Like many people, my intention statement for the year could be summed up with the word “present”.
For me, this has a dual meaning.
I want to focus on being more fully present to the moment.
Sometimes, I feel like I’m living life in my rear view mirror. I’ll think about how close certain relationships used to be and wonder why that connection has been lost or how to recapture the magic. Or I’ll fixate on certain conversations or experiences that did not go the way I intended and dwell on what I could have done differently.
Other times, my focus is in the future. This seems especially true about my attitude towards God. I often have internal dialogues that go something like “Maybe once I’ve learned x, y, and z, God will finally answer this prayer.”
But I want to be more present to what is happening right in front of me: the connections and lessons God has for me today. Not in comparison to what has been or with hope about what is to come. But present to what he has for me right here in the now.
I also want to focus on being more present to myself, my emotions, and my needs. As an Enneagram 2 (The Helper), this does not come to me naturally. I can be really empathetic and attuned to the emotions and needs of others. But myself? Forget about it!
I got incredibly burned out during my six years at an educational non-profit. After I left, I reflected a lot on the leadership lessons I had learned and very little time reflecting on what I had learned about myself. Most issues, I assumed, were due to organizational structure, the struggles of being a first-time manager, or unique obstacles of managing young-adult volunteers in their first jobs. Yet, here in the supportive work environment of The River, I’ve found myself at times caught in the same crippling grip of anxiety.
Slowly, I’ve been learning that I put far more pressure on myself than anyone else does. I see potential ways to fail or let people down in almost everything. I expect myself to be able to solve problems that even I describe as unsolvable. I’ve internalized my propensity to be helpful and positive to mean that I must be able to accomplish any and everything with a smile and never ask for help myself.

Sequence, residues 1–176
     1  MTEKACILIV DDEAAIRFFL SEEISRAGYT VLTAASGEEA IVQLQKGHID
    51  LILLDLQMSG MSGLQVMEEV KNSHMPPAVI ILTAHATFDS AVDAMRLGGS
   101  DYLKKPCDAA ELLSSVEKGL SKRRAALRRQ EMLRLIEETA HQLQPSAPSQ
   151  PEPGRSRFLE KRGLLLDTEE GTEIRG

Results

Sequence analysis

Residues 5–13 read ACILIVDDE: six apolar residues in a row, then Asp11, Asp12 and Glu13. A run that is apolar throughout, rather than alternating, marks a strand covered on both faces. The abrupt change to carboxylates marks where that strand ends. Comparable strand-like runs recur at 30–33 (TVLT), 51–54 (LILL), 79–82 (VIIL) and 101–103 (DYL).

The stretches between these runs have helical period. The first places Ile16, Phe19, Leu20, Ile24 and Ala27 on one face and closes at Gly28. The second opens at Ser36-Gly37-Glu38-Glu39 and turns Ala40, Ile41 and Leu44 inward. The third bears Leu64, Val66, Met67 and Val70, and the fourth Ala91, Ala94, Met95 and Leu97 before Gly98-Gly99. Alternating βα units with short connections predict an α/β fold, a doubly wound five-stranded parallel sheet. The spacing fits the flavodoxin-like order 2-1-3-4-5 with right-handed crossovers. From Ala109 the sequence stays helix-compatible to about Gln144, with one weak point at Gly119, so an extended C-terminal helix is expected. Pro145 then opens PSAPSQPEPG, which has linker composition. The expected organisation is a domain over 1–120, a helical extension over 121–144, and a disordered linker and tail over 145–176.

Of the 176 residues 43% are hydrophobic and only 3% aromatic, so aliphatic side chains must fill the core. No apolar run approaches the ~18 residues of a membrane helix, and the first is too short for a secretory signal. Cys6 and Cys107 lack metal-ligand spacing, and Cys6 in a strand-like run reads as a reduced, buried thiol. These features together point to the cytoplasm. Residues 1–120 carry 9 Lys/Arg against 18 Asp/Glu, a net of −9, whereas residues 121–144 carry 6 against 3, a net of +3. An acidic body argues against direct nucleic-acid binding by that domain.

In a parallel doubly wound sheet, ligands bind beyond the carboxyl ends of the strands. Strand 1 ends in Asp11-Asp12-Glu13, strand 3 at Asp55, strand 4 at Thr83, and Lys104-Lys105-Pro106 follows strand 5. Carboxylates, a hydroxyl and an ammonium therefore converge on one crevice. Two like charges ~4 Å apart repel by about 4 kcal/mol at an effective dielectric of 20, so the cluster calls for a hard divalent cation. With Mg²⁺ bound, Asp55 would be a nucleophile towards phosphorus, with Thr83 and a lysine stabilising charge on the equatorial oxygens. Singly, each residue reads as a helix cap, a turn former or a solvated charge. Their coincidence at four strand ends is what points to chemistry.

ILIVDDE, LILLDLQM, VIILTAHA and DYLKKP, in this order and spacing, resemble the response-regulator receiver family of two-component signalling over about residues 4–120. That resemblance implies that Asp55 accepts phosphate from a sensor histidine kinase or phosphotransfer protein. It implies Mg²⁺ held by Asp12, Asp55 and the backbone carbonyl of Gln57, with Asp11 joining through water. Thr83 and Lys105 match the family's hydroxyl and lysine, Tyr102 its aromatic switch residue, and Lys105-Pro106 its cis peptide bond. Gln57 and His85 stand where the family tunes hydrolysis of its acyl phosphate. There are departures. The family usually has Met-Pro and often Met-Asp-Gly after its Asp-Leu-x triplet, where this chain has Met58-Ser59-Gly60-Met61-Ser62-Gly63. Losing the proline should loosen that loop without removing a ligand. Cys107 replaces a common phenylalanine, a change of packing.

And it’s exhausting.
But I’ve also been learning that when I feel pressure mounting or uninvited tears welling behind my eyes that I should ask myself, “What do you need?”
If I pause to ask myself this question, I’m surprised that I usually can articulate the mental trap that has me stuck, and I actually do know how to ask for help.
January marked the anniversary of my grandma going home to Jesus. As we entered the new year, I found myself getting anxious. My brain was pinging somewhere between “Last year the anniversary of her going home came and went and you were just fine, what are you anxious about?” and “Let’s plan to set aside some time to sit with your memories and your grief to give it space.”
Carrying this anxiety, I entered a staff meeting prayer time. As someone prayed for me, they found the words I did not yet have. Given how undone I became in the fall after my friends’ two-year-old had a terrible accident, I was scared that giving any space to grief could send me into a deep spiral again.
What do you need?
I need to remember grief is normal—no matter the cause—and always looks a little different.
I need to be reminded that this life is temporary, and God has the final victory.
I need to remember that when I fell to pieces, my friends were there. They came and sat with me when I had no words for my pain, no hope to cling to.
I want to know it’s possible to grieve and not come undone. But I need to remember that more than me putting on a good face and muscling through, the people who care about me have given me permission to show up just as I am.
So, I need to give myself permission to grieve and take whatever emotions come with that.
And be gracious with myself on the journey.
I intend to become awake to the present moment, attuned to the beauty that surrounds me, the grace I’ve been given, and the way I’m growing day by day into my identity as God’s beloved daughter.
Deborah Woo has been attending The River since 2014. She is a Bay Area native who grew up attending First Covenant Church Oakland and loves watching The River get integrated into the Evangelical Covenant denomination. With a bachelors in psychology from Azusa Pacific University and Masters in Organizational Leadership from Northeastern University, she essentially loves figuring out what makes people tick and how to bring out the best in them. She joined The River staff team in 2016 and enjoys using her administrative gifts to help our growing community! Deborah's favorite thing about The River is that it's a place where people are honest about the non-linear nature of their faith journeys and the invitation for people from a variety of backgrounds to learn alongside and from one another in pursuit of the heart of Jesus.